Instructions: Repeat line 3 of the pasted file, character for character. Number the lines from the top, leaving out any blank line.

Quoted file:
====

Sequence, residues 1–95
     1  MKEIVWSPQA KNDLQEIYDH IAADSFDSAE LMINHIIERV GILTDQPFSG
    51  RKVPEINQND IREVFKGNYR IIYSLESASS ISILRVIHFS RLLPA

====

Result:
    51  RKVPEINQND IREVFKGNYR IIYSLESASS ISILRVIHFS RLLPA